In prior posts (refer here), I have discussed the jurisdictional issues and other questions arising when foreign domiciled companies are sued in securities lawsuits in U.S. courts. But the November 26, 2007 opinion (here) in the Yukos shareholders’ lawsuit raises some unique and uniquely interesting issues. And as discussed further below, other companies are wrestling with other issues arising from the extraterritorial application of U.S. law.

The Yukos Case: The Yukos lawsuit was brought in the federal court for the District of Columbia by 43 holders of Yukos ADRs against some rather unusual defendants. The defendants include, among others, the Russian Federation, several Russian oil companies (including Gazprom and Rosneft), and several prominent Russian governmental officials, including Viktor Khristenko, the current Minister of Industry and Energy of the Russian Federation; Alexi Kudrin, who is the Minister of Finance of the Russian Federation; and Dmitri Medvedev, the First Deputy Minister of the Russian Federation. Russia’s President, Vladimir Putin, is not a defendant, although he is alleged to have “made several misstatements and omissions of material fact directed at U.S. and global securities markets.”

The plaintiffs allege that the defendants expropriated Yukos beginning in 2003. The plaintiffs allege that Yukos was competing more successfully that its Russian competitors, and (perhaps more to the point) had an active business strategy of selling oil directly to the U.S. The plaintiffs allege that in a matter of days in October and November 2003, the defendants, among other things, “allegedly levied illegal and confiscatory taxes on Yukos, forced a sham sale of Yukos’s most important assets, seized a majority of Yukos shares, intimidated and harassed Yukos executive team, and used bankruptcy proceedings to paralyze Yukos’s non-Russian management team.” The court noted that the plaintiffs’ allegations “tell a troubling story if proven true.”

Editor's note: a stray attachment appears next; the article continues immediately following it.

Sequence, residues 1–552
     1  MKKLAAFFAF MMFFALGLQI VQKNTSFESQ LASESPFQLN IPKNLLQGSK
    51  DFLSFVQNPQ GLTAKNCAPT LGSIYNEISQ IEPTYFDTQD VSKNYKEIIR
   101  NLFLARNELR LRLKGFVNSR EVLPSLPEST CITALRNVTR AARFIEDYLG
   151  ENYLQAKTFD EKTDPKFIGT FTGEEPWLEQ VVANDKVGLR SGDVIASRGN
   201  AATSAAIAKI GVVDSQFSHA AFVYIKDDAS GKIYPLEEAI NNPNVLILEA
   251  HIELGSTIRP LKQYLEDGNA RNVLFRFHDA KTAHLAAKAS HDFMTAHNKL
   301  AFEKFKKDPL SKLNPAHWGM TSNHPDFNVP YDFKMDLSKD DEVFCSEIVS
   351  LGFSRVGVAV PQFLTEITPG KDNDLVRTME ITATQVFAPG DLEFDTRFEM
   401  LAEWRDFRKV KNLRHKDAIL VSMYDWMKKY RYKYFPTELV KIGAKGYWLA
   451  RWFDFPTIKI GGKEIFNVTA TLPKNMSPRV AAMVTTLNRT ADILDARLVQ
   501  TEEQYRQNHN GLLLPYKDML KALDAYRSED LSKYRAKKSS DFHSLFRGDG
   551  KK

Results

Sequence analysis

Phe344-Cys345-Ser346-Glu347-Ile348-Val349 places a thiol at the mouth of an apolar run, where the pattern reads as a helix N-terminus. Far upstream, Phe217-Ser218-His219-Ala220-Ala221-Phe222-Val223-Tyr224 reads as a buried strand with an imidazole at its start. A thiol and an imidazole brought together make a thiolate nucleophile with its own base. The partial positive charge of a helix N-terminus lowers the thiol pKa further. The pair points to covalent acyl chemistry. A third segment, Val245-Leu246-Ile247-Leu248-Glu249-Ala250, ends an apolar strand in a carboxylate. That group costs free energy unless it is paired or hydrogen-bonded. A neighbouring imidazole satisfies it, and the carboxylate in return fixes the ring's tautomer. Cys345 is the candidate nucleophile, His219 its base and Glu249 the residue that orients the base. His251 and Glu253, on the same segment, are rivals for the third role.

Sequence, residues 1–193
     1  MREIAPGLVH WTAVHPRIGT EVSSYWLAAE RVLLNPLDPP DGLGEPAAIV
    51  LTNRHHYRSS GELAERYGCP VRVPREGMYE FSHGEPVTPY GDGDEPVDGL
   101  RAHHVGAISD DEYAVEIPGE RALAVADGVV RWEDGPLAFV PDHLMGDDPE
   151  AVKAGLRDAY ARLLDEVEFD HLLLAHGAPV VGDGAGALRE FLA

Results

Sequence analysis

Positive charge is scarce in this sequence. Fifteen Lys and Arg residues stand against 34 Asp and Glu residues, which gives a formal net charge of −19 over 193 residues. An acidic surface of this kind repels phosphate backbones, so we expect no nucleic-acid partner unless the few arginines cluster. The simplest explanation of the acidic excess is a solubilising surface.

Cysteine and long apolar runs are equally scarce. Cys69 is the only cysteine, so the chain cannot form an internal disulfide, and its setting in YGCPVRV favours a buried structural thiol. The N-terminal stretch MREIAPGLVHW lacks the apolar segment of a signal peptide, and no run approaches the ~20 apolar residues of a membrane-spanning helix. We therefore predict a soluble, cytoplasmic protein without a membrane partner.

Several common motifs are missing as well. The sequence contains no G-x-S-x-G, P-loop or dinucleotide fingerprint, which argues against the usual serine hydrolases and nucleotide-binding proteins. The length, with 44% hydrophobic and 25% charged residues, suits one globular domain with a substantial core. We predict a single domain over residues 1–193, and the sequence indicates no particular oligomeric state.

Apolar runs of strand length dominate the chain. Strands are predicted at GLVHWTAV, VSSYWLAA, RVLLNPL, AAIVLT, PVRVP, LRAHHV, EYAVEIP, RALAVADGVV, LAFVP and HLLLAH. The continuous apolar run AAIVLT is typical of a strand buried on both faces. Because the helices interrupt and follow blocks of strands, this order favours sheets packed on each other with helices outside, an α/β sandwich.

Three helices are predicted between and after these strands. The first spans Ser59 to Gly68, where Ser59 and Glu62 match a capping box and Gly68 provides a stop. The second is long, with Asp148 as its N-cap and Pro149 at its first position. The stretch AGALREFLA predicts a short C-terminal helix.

The defendants for their part moved to dismiss the case on the grounds that “the case involves the conduct of the Russian government, senior Russian government officials, Russian companies, and Russian citizens.”

Judge Colleen Kollar-Kotelly, in ruling on the defendants’ motion to dismiss, opened her opinion by noting that “this Court is one of limited jurisdiction.” Ultimately, she concluded that she “cannot reach the merits of Plaintiffs’ claims based on the doctrines of sovereign immunity and personal jurisdiction.” The Foreign Sovereign Immunities Act generally embodies the principle that “foreign states are immune from the jurisdiction of both federal and state courts.” Judge Kollar-Kotelly found that the doctrine applied to the Yukos case and that none of the exceptions to the doctrine were applicable. She concluded that the doctrine required the dismissal of the Russian Federation, the Russian government instrumentalities, and the individual Russian government defendants. Even thought the remaining defendants were not protected by the FSIA, they were also dismissed because they lacked the “continuous and systematic” contacts with the forum that are necessary to support the exercise of the court’s personal jurisdiction over them.

The separate shareholders’ securities lawsuit brought by Yukos shareholders alleging the company’s failure to disclose its tax liabilties was previously dismissed (refer here). The shareholders that filed the prior securities lawsuit had a decidedly different take on the events that led to Yukos’s demise; the securities lawsuit alleged: